Thu. 8:56 a.m.: Hurricane Michael left path of destruction, isn’t done yet

Pine trees litter a yard in Port St. Joe, Fla., on Garrison Avenue on Wednesday after Hurricane Michael made landfall in the Florida Panhandle. Hurricane Michael formed off the coast of Cuba carrying major Category 4 landfall in the Florida Panhandle. Surge in the Big Bend area, along with catastrophic winds at 155mph. (Douglas R. Clifford/The Tampa Bay Times via AP)

PANAMA CITY, Fla. (AP) — The third-most powerful hurricane to hit the U.S. mainland in recorded history left a wide path of destruction across Florida and Georgia, destroying homes and shopping centers and felling trees that killed at least two people. And it’s not done yet.

Hurricane Michael finally weakened to a tropical storm this morning, no longer a Category 4 monster packing 155 mph winds. But it was still menacing the Southeast with heavy rains, blustery winds and possible spinoff tornadoes, soaking areas swamped by epic flooding last month from Hurricane Florence.

By 5 a.m., Michael’s eye was about 45 miles west of Augusta, Georgia, packing top winds of 50 mph and moving at 21 mph into South Carolina, the National Hurricane Center in Miami said.

Thousands of law enforcement officers and search and rescue teams rolled out in its wake to find survivors amid the wreckage of homes where people defied evacuation orders. Michael washed away white sand beaches, hammered military bases and destroyed coastal communities, stripping trees to stalks, shredding roofs, toppling trucks and pushing boats into buildings.

It will take some time for residents of north Florida to take stock of the enormity of the disaster. Reaching the worst-hit areas wasn’t easy. The Florida Highway Patrol closed 80 miles of Interstate 10, the main east-west route along Florida’s Panhandle, to clear debris.

Many homes were ripped apart or washed away altogether in Mexico Beach, a town of 1,000 where the hurricane made landfall and the storm surge pushed lead-grey water up to the rooftops. Authorities said falling trees killed a man outside Tallahassee, Florida, and an 11-year-old girl in southwest Georgia.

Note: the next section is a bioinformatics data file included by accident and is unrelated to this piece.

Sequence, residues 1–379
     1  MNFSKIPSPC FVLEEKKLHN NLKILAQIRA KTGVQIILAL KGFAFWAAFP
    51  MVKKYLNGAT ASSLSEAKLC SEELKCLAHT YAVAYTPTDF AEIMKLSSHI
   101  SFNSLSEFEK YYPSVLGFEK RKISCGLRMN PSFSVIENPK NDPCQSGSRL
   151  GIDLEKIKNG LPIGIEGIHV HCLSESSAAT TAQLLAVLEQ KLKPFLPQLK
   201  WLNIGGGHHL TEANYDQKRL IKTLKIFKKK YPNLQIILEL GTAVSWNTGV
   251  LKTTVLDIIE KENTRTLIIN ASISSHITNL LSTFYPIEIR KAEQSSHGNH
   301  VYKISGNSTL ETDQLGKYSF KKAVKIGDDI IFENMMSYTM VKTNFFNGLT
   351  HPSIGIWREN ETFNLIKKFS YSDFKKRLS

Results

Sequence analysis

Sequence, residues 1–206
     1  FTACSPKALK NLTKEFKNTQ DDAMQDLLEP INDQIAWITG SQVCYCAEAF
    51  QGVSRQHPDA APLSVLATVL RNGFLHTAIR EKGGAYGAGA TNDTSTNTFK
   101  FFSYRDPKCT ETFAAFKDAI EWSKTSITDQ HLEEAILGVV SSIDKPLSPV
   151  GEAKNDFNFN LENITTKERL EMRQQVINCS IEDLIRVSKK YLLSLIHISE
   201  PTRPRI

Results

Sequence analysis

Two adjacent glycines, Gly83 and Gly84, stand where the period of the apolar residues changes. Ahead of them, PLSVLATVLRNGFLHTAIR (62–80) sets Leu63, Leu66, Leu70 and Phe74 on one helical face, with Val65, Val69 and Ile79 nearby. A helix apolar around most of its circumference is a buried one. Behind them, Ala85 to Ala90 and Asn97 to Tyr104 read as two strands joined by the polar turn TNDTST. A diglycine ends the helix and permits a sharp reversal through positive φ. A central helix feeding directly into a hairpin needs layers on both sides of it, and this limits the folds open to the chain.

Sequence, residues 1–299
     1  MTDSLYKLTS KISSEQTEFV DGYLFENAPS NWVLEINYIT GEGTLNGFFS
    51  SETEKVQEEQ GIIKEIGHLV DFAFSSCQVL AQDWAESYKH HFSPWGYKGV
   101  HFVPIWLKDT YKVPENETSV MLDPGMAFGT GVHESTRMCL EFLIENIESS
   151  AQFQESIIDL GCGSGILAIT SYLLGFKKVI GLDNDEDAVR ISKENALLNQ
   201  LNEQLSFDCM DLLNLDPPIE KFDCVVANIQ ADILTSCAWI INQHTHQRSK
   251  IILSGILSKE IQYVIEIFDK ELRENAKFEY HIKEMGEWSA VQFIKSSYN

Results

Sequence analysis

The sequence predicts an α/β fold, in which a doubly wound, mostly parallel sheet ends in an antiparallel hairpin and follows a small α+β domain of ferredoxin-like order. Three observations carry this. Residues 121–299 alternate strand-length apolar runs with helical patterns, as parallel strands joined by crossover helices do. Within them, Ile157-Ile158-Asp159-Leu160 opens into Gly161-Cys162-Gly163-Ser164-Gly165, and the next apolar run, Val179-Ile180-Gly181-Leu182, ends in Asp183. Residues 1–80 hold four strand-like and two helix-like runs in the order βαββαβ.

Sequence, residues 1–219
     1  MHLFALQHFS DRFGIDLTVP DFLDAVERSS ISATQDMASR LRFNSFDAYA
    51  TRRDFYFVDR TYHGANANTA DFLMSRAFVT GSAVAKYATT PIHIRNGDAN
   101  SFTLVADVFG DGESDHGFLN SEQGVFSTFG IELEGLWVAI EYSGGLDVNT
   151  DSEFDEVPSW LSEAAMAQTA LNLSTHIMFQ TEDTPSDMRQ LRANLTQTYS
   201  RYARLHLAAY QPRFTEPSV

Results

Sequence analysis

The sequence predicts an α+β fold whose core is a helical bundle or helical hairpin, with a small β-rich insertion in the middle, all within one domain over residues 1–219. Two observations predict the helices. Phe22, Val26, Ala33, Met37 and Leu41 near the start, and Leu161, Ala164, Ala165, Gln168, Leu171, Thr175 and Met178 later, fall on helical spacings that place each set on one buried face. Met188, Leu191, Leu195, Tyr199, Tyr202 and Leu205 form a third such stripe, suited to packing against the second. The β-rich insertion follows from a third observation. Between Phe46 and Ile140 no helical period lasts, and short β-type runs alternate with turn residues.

Around Panama City, just west of where the center of Michael’s eye hit the shore, downed power lines lay nearly everywhere. Roofs had been peeled away and sent airborne. Aluminum siding was shredded to ribbons. Homes were split open by fallen trees. Hundreds of cars had broken windows, many turned askew by the wind. Twisted street signs lay on the ground. Pine trees were stripped into stalks and snapped off about 20 feet high.

More than 780,000 homes and businesses were without power this morning in the wake of the storm.

Sally Crown rode out Michael on the Florida Panhandle thinking at first that the worst damage was the many trees downed in her yard. But after the storm passed, she emerged to check on the cafe she manages and discovered a scene of breathtaking destruction.

“It’s absolutely horrendous. Catastrophic,” Crown said. “There’s flooding. Boats on the highway. A house on the highway. Houses that have been there forever are just shattered.”

A Panhandle man was killed by a tree that toppled on a home, Gadsden County Sheriff’s Office spokeswoman Anglie Hightower said. But she added emergency crews trying to reach the home were hampered by downed trees and debris blocking roadways. The debris was a problem in many coastal communities and still hundreds of thousands of people were also left without power.

Michael sprang quickly from a weekend tropical depression, going from a Category 2 on Tuesday to a Category 4 by the time it came ashore. More than 375,000 people up and down the Gulf Coast were ordered or urged to evacuate, but it moved so fast that people didn’t have much time to prepare, and emergency authorities lamented that many ignored the warnings , thinking they could ride it out.

Based on its internal barometric pressure, Michael was the third most powerful hurricane to hit the U.S. mainland, behind the unnamed Labor Day storm of 1935 and Camille in 1969. Based on wind speed, it was the fourth-strongest, behind the Labor Day storm (184 mph), Camille and Andrew in 1992.

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